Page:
The objective of Integrated Child Development Services (ICDS) Systems Strengthening and Nutrition Improvement Program (ISSNIP) Project is to improve nutritional outcomes of children in India. There are four components to the project. The first component is ICDS institutional and systems strengthening. This component will support strategic interventions/improvements to enhance the effectiveness of the ICDS program. The second component is community mobilization and Behavior Change Communication (BCC). This component will strengthen the supply and demand-side interface of the ICDS program, especially at the point of delivery of nutrition services, and will rigorously monitor and evaluate this interface. The component will focus on excluded and marginalized groups. The development of a management model that emphasizes efficiency on the basis of mutual accountability between caregivers and beneficiaries will be a significant area of support. The third component is convergent nutrition action. This component will support the Government of India's efforts to initiate, and subsequently expand, a comprehensive convergent nutrition response to complement the ICDS, in order to address the multiple determinants of malnutrition. The fourth component is project management, monitoring and evaluation. This component will support effective project management including: (i) financing specialists in a variety of fields to strengthen the operation of the established Project Management Units (PMUs) at the central and state level. Support will also include financing of office equipment, renting of vehicles, travel costs for key program staff, participation in planning/review/dissemination workshops, participation in study tours and conferences in order to facilitate a cross fertilization of ideas and an assimilation in the program of nutrition related best practices, and incremental opera

  • Karnataka Watershed Development II

    The objective of the Second Karnataka Watershed Development Project for India is to demonstrate more effective watershed management through greater integration of programs related to rainfed agriculture, innovative and science based approaches, and strengthened institutions and capacities. There are five components to the project, the first component being support for improved program integration in rainfed areas. This component will demonstrate the successful integration of programs in watershed development, using a science-based approach in project areas. The second component is the research, development and innovation. This component will establish a coordinated research approach to provide practical knowledge and tools to support integrated watershed management. The third component is the institutional strengthening. This component will strengthen the institutions and human resources of key stakeholders to improve effective delivery of services for integrated watershed management. The fourth component is the strengthening horticulture in rainfed areas. This component will strengthen the knowledge base regarding horticulture potential in rainfed areas, and demonstrate and build the capacity of institutions and communities to improve production and value addition of horticulture in project areas. Finally, the fifth component is the project management and coordination. This component will ensure effective and efficient project management.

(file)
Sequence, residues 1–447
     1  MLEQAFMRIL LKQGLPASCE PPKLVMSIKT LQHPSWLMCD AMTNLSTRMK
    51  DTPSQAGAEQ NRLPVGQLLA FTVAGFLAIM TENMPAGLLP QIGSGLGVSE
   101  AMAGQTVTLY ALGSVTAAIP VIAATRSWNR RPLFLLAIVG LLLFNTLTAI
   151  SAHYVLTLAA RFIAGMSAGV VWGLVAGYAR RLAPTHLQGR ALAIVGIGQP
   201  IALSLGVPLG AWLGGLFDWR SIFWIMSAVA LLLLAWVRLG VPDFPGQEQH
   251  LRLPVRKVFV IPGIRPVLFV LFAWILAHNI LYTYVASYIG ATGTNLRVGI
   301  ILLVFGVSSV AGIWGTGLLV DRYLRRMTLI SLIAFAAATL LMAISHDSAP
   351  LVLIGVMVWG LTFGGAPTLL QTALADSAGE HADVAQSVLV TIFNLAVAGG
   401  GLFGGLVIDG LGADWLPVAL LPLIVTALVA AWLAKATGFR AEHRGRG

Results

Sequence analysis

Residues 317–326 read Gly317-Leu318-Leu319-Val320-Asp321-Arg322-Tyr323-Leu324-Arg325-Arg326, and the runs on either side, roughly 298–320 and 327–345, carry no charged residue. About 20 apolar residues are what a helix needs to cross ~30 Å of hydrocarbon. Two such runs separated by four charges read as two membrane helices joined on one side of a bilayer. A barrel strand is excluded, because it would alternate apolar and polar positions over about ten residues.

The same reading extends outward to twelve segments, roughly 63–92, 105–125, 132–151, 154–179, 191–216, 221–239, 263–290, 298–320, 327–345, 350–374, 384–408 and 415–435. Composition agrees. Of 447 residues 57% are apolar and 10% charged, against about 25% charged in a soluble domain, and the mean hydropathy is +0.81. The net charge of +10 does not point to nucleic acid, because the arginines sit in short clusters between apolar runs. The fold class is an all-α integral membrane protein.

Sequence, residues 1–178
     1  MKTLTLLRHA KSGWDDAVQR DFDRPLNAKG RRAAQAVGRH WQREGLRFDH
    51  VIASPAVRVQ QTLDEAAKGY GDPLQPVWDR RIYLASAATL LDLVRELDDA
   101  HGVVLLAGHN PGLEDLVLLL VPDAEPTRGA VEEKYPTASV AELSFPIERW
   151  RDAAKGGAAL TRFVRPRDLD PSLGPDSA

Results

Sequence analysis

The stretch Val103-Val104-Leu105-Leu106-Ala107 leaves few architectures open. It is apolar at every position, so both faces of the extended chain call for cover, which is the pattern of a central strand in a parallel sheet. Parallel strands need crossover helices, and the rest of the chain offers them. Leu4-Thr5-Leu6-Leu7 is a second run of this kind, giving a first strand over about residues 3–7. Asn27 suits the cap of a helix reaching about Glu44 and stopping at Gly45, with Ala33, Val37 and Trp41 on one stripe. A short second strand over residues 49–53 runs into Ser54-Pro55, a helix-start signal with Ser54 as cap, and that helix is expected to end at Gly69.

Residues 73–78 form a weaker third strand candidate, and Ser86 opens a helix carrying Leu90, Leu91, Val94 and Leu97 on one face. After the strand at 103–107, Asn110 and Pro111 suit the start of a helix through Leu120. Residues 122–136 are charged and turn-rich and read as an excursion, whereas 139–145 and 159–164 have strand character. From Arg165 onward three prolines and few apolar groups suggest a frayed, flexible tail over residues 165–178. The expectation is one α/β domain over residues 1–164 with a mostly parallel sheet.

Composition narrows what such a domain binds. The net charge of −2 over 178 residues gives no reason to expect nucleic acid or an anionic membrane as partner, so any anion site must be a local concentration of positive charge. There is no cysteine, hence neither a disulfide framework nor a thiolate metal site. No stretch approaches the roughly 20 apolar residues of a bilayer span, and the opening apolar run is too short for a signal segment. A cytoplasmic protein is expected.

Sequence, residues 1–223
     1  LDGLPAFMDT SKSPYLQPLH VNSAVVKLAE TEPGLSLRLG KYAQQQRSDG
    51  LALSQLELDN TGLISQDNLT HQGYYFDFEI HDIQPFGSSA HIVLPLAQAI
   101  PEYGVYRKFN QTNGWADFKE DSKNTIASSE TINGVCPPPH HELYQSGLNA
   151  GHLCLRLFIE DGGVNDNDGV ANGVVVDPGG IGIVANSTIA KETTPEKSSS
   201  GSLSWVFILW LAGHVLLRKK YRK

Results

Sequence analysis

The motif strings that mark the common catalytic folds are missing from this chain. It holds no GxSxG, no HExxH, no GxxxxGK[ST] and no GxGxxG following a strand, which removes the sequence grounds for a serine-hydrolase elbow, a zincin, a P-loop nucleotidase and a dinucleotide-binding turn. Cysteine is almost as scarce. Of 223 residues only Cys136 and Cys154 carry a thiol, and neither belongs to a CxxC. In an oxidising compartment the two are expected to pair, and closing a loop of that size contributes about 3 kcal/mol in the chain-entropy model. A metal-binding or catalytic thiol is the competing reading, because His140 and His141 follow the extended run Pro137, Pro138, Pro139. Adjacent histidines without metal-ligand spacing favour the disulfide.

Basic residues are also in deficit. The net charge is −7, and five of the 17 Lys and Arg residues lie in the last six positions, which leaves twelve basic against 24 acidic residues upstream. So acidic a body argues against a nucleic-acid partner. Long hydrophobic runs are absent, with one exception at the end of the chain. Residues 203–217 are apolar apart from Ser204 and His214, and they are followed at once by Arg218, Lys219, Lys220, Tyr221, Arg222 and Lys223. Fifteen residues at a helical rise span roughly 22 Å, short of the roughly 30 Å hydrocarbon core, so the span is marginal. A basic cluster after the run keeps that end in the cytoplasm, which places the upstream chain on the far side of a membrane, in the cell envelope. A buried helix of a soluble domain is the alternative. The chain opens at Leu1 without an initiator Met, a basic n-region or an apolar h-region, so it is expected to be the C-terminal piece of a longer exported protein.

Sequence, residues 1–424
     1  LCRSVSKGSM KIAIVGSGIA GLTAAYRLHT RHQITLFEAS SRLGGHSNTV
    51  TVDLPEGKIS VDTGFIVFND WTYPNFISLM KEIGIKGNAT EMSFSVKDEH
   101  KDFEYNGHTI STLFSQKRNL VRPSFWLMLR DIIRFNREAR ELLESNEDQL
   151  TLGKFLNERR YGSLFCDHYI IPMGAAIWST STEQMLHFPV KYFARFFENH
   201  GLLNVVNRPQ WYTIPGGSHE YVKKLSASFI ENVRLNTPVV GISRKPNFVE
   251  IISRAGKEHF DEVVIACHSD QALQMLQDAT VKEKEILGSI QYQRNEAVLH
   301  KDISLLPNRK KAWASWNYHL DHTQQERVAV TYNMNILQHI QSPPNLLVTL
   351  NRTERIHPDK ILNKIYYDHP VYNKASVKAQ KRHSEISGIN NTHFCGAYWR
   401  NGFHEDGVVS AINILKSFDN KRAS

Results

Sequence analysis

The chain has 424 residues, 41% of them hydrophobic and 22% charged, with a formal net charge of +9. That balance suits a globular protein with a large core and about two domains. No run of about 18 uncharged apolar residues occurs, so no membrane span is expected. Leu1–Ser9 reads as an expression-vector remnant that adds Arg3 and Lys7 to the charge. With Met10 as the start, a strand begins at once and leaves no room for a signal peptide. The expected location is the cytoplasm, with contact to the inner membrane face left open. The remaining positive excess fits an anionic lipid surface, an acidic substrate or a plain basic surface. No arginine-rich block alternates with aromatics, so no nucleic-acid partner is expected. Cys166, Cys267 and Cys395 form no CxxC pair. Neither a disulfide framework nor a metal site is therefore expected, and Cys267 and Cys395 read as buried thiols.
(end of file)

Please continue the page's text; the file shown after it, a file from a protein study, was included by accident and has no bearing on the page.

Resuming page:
• North East Rural Livelihoods Project (NERLP)

    The development objective of the North East Rural Livelihoods Project for India is to improve rural livelihoods, especially that of women, unemployed youths and the most disadvantaged, in the participating North Eastern States. There are four components to the project. The first component is social empowerment. The objective of this component is to empower the rural communities, create sustainable institutions so that they manage common activities around microfinance, livelihoods and natural resource management. The second component is economic empowerment. The objective of this component is to develop the capacity of rural communities to plan and manage funds for various economic initiatives and common public-good activities. Third component is partnership development. The objective of this component is to partner with various service providers, resource institutions and public and private sector organizations to bring resources such as finance, technology, and marketing into the project so that the community groups and organizations are able to improve their livelihoods. The fourth component is project management. The component will facilitate various governance, implementation, coordination, learning and quality enhancement efforts in the project.

  • Efficient & Sustainable City Bus Services

    The Efficient and Sustainable City Bus Services Project of India has an objective is to improve the efficiency and attractiveness of city bus transport and reduce greenhouse gas emissions in the demonstration cities. The project comprises (i) a national capacity building component to be implemented by MoUD and another on (ii) city demonstration projects with select cities. As part of component one, policy, regulatory and fiscal constraints will be reviewed at national, state and city levels to promote efficient and high quality city bus services and policy notes developed for discussion and debate among key stakeholders on areas of reform. Component two shall support physical improvements targeted at modernizing the city bus services in demonstration cities including (i) modern depot equipment for improved maintenance and life of buses, (ii) modern Intelligent Transport Systems (ITS) and Management Information Systems (MIS) - to make the services more user friendly and for improved planning and management of operations to enable optimal use of resources.